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Concerns are mounting over the lack of public consultation by regional and local councils around plans to extract water for bottling from the top of Lake Wakatipu and from Mt Aspiring National Park.
Koha Water Ltd has been given consent to extract 236,000cu m of groundwater per year for bottling from an aquifer near the Dart River until 2038.
Okuru Enterprises Ltd, now trading as Alpine Pure, has been given consent to take water from outside the Mount Aspiring National Park, pipe it down to Neil’s Beach, near Haast, and export it in bulk tankers.
Last week, under the Local Government Official Information and Meetings Act, the ORC released water consents to the ODT.
When asked, an ORC spokesman said the council did not have any active applications under consideration.
Bung the Bore Action Group spokeswoman Jen Branje presented a 15,000-signature petition to Parliament last week calling for a nationwide moratorium on the export of drinking water.
She said she only found out about Koha Water Ltd when she questioned the Otago Regional Council about bottled water consents.
"If that consent had been publicly notified, the people of Glenorchy would have been up in arms."
She said the volume of water the company wanted to take was "huge" and its proposal to truck it to Cromwell for bottling was "absolutely absurd".
"I lived in Kinloch and worked in Queenstown and drove that road twice a day; there are sections of that road where you can’t see around bends and I wouldn’t want to meet a great truck fully laden with New Zealand water head-on coming around a blind bend; it’s absolute madness," she said.
Both the land and water rights are at present on the market and one of the owners, whose husband started up the company, has been reported by Radio NZ as saying the plans have been abandoned.
Green Party environment spokeswoman Eugenie Sage said if the Westland District Council hearing last Friday in Haast to discuss land consents for Alpine Pure had been publicly notified, groups like Forest and Bird and many others would have lodged submissions.
"The Alpine Pure proposal involved bulldozing a pipeline up to the park boundary, taking water from a dam across Tuning Fork creek, pumping the water down to Neil’s Beach and then out to ships berthed off the coast, and all this in an area renowned internationally for its outstanding natural landscape and when tourism is now the country’s No1 export," she said.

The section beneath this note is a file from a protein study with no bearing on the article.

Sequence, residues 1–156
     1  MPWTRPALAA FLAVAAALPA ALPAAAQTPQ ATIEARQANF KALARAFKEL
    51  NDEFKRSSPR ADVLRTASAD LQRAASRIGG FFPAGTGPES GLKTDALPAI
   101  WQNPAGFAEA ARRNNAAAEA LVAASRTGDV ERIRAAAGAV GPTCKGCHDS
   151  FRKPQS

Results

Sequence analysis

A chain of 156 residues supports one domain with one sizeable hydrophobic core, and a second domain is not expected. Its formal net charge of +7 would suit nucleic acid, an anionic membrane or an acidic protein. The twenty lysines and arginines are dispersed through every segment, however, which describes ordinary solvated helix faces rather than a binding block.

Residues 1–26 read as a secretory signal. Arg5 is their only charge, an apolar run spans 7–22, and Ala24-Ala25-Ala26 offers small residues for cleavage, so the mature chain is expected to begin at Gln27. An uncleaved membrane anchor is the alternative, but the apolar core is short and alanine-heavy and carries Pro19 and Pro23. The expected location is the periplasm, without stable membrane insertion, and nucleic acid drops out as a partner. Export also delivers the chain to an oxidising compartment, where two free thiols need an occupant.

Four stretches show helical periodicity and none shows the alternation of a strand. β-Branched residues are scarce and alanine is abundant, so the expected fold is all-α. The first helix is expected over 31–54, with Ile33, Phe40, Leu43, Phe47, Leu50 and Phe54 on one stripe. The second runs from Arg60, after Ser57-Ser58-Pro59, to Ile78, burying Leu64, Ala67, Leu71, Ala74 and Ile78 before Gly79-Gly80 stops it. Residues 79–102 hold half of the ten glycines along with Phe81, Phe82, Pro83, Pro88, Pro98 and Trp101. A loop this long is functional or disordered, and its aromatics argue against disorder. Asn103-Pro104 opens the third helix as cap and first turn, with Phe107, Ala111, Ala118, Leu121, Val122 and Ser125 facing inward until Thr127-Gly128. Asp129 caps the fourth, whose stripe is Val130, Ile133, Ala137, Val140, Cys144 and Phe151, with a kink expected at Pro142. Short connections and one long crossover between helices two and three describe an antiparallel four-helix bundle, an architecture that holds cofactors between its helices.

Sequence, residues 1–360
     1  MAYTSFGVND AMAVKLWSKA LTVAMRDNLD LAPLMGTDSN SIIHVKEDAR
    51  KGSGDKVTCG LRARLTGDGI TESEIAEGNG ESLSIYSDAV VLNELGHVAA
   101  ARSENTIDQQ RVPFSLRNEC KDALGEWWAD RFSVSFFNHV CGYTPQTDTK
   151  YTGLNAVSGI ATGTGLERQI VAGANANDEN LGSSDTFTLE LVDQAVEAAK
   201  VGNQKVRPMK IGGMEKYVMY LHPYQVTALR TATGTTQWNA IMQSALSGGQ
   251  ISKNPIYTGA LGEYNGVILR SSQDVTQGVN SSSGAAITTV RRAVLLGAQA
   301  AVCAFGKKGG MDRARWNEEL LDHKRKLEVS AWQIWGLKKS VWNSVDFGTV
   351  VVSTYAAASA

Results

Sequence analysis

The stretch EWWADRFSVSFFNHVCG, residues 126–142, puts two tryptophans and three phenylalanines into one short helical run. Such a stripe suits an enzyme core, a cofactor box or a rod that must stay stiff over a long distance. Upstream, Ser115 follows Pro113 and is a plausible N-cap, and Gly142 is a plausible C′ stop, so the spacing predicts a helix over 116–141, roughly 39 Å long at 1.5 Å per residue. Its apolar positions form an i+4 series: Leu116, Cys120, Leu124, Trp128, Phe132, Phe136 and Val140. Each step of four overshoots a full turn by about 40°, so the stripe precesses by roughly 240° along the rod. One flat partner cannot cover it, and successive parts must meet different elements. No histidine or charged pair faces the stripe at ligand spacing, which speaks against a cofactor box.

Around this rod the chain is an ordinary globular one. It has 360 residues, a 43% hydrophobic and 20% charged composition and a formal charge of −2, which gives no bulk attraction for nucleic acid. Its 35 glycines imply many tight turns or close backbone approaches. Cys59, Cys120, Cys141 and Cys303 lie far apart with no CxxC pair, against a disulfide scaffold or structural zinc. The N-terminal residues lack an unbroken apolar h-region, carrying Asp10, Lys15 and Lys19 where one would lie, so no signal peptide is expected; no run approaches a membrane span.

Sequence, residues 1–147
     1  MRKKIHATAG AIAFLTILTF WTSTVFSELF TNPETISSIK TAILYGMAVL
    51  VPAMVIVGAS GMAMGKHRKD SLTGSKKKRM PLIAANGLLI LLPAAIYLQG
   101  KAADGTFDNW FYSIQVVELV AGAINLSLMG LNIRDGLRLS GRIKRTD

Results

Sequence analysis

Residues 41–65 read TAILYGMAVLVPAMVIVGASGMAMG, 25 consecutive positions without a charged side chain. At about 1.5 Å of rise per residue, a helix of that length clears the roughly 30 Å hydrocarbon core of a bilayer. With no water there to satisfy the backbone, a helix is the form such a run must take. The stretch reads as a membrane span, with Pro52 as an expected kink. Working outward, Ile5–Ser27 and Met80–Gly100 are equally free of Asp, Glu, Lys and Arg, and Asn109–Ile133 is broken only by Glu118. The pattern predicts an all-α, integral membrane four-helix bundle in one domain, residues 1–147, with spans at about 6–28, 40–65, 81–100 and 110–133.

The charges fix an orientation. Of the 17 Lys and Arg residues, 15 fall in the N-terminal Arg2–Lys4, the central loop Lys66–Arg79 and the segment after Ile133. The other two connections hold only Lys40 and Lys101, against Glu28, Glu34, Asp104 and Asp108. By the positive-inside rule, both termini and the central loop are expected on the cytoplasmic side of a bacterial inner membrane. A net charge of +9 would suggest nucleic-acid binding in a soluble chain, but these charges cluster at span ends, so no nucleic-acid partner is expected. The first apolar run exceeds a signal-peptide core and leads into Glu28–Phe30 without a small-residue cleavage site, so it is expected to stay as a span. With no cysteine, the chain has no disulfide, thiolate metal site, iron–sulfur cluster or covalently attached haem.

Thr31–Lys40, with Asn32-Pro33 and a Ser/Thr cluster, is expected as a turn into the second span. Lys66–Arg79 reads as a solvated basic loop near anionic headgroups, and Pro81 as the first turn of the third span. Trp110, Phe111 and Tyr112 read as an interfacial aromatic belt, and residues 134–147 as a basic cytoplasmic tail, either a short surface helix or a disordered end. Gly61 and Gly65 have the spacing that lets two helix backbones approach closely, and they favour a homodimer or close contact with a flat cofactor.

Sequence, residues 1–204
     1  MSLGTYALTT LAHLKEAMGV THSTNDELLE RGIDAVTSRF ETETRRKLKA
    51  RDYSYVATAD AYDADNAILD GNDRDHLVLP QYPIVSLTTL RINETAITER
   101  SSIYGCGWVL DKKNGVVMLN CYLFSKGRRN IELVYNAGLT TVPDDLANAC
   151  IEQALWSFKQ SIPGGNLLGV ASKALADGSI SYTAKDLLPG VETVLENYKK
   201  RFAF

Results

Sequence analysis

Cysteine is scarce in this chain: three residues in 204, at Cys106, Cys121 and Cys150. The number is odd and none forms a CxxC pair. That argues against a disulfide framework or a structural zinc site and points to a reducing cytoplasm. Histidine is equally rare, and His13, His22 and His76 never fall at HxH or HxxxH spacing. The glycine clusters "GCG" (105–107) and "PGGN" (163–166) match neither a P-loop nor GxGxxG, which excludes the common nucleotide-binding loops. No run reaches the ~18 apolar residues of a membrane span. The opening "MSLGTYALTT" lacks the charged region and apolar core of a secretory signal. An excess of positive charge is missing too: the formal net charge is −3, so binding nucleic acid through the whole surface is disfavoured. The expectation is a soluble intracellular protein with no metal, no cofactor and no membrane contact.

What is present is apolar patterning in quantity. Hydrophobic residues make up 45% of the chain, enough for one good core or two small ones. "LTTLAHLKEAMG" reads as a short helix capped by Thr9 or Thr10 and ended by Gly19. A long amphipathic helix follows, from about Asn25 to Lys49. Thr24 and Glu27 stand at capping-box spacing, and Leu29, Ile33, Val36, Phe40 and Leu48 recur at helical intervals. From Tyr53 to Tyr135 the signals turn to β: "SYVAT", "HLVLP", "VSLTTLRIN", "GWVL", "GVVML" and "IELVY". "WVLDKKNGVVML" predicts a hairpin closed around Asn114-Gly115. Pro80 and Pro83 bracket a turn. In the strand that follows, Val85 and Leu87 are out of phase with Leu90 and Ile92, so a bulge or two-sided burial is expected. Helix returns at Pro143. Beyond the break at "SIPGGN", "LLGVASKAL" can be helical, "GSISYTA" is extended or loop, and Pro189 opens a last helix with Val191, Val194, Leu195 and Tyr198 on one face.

The Koha and Alpine Pure consents showed the current environmental laws were not strong enough and the proposed government changes would only "tilt the playing field in favour of high-impact developments without proper consideration of environmental and other impacts", she added.
Westland Mayor Bruce Smith said he had had a few "snappy emails" from objectors who had bought baches in the area recently but "you have to remember the consent was granted nearly 25 years ago and they’ve just been rolled over every five years since".
He said he had no view on whether companies should be charged for the water they extracted.
However, "on the West Coast we’ve got sawmills, fish factories, gold mines, farms and other production units that draw water and they’re not billed and no-one complains about that".
Last Friday, Environment Minister Nick Smith said "there was a fairness problem with charging bottled water for export and not other water users".
He said freshwater management did need to improve. There was a technical advisory group working on how New Zealand could better allocate fresh water and it would report back to Government by the end of the year.
But on Saturday, Prime Minister Bill English told Newshub the Government had the opportunity to change "who pays for what" with respect to water, saying it was a sensitive issue.
"There’s been five or six years of work on just understanding where our water resources are, what their quality is, who pays for what, and we have the opportunity over the next few years to change those rules if we want to."